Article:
David Swinson’s Long Road from Cop to Crime Novelist

by Jon Michaud


In this month’s Book Drop, our librarian Jon Michaud speaks to crime fiction writer David Swinson, who worked as a nightclub promoter, movie producer, and policeman before publishing his first novel. Swinson discusses his unlikely connections to Timothy Leary and G. Gordon Liddy, and considers how screenwriting and police work influenced his Frank Marr trilogy.


"Every aspiring writer takes his or her own unique path towards publication. Few writers have taken a route that is as convoluted as that of Swinson. He is the rare writer whose biography would make for excellent fiction." READ MORE

Books Not to Give Dad on Father's Day 

(But Are Great for You!)


Okay, okay this may not be the most helpful list for Father’s Day, but you got him a tie anyway (#classicdadgift). From The Vegetarian to The Shining, this list features books we love, but they probably aren't the best gifts for your pop. 


"Yanagihara’s career took off with 2015’s A Little Life, but her first novel The People in the Trees is also a mesmerizing read. Unreliable narrator and scientist Norton Perina recalls his travels to a remote island on the hunt for a biological Fountain of Youth." read all of our picks

Our Favorite Movies About Writers


Not even we here at The Center for Fiction can read books all the time. Sometimes we take a break and put on a movie, BUT of course we only watch movies about writers. Here's a roundup of some of our favorite films featuring brooding authors of all sorts. We hope you enjoy our picks and that you'll maybe even get a little bit of inspiration from seeing these writers on the big screen!  READ

Congratulations to our 2017 NYC Emerging Writers Fellows!

We are thrilled to announce this year's NYC Emerging Writers Fellows, chosen from over 500 applicants. Congratulations to Amna Ahmad, Charlotte Crowe, Dana Czapnik, Erik Hoel, Andrew Mangan, Crystal Powell, Maud Streep, Alexandra Tanner, and Hubert Vigilla.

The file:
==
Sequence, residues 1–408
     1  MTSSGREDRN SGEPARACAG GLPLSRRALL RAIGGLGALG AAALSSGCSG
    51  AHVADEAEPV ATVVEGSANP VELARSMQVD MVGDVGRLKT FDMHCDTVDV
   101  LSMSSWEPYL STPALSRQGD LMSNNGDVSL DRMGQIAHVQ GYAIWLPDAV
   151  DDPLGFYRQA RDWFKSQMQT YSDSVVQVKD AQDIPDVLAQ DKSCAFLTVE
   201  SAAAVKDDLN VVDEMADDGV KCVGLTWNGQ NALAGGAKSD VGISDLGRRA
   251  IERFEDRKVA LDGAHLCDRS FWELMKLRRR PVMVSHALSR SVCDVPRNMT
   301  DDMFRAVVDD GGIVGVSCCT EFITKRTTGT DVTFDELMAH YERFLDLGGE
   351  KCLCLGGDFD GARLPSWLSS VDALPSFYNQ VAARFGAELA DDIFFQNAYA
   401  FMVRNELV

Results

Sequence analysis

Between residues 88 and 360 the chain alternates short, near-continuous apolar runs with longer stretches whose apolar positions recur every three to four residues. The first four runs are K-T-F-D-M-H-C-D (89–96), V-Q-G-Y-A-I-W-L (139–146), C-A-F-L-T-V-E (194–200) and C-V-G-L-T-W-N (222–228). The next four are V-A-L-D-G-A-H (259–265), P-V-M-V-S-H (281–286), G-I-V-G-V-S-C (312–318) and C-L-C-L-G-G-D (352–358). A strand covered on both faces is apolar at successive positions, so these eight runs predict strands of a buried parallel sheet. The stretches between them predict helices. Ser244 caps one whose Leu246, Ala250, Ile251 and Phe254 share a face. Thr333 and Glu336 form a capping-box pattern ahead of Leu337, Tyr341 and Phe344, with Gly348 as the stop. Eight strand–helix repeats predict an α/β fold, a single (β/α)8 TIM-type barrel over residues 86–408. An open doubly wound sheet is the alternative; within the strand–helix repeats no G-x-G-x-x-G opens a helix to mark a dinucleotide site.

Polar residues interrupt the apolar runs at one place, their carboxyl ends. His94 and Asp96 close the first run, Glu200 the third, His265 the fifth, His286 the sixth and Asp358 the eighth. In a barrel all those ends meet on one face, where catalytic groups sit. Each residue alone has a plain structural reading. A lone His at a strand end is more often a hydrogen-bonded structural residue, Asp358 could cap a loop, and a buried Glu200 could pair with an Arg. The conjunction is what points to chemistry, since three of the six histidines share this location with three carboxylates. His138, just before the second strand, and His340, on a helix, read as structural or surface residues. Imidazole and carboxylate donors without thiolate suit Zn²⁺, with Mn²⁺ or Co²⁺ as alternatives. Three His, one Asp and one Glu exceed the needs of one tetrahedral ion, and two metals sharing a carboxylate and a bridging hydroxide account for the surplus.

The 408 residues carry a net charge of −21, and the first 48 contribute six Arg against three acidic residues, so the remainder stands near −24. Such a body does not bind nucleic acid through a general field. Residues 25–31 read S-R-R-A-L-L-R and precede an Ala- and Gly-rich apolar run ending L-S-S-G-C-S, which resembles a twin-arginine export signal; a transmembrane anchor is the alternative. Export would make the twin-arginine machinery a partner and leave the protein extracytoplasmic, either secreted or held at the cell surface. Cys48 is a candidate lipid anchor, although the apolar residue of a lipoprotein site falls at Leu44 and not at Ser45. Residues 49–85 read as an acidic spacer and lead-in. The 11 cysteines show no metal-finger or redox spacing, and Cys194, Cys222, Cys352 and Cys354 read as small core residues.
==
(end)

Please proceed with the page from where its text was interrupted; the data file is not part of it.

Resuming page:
This program is made possible with generous support from the Jerome Foundation and individual donors. The 2017 fellows were selected by our judges: Manuel Gonzales (The Regional Office Is Under Attack!: A Novel), Alexandra Kleeman (Intimations), and Téa Obreht (The Tiger's Wife).  FIND OUT MORE

Something to Do with Work as Play:

David Foster Wallace and “The Nature of the Fun”

by Kristopher Jansma


Kristopher Jansma, author of Why We Came to the City, takes on David Foster Wallace, the pleasure of writing, and how to find a way back to fun when writing becomes work in this new essay.


"I find it remarkably comforting that someone who had recently finished a 1,079 page novel ends up right back where any young student does, trying to work out how to write every day." read

Shelf Life

by Jessie Chaffee


We asked debut author Jessie Chaffee to share a section of her bookshelf with us. Here, Chaffee talks about the books that she used for inspiration and research for her novel Florence in Ecstasy, and what she plans on reading next.


"I began Florence in Ecstasy in part as a response to work that I was reading at the time, novels by women that depict the interior lives of women who are on the fringes or isolated, butting up against societal constraints, and their own desires, addictions, and demons." READ 

The Book Drop: Dueling Dystopias 

by Jon Michaud


In this month’s Book Drop column, our head librarian Jon Michaud takes a look at two new works of dystopian speculative fiction—Omar El Akkad’s American War and Lidia Yuknavitch’s The Book of Joan—and considers how current events, history, and myth influence the fearful futures imagined by these authors. 


"It’s a heyday for dystopian speculative fiction and for the fears and anxieties behind those fictions. Two novels published this spring offer diverging but equally dark visions of life on (and off) Earth in the near future." read

The Book That Made Me a Reader

by Jim Shepard

In this new Book That Made Me a Reader, Jim Shepard (The World to Come) recalls how he made his way to fiction by reading two very different authors.


"I was the first in my family to go to college, and my father’s not-so-secret plan for getting me there involved A) my getting good grades, and B) his filling the house with books." READ




The Center for Fiction is the only nonprofit literary organization in the U.S. solely dedicated to celebrating fiction, and we work every day to connect readers and writers. 

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Our good friend writer Joseph O'Neill is currently raising funds for The Maya Association, a not-for-profit organization in Turkey that operates a small school for Syrian refugee children near Mersin, Turkey. There are around three million refugees from the Syrian war in Turkey and the demand for educational services is enormous.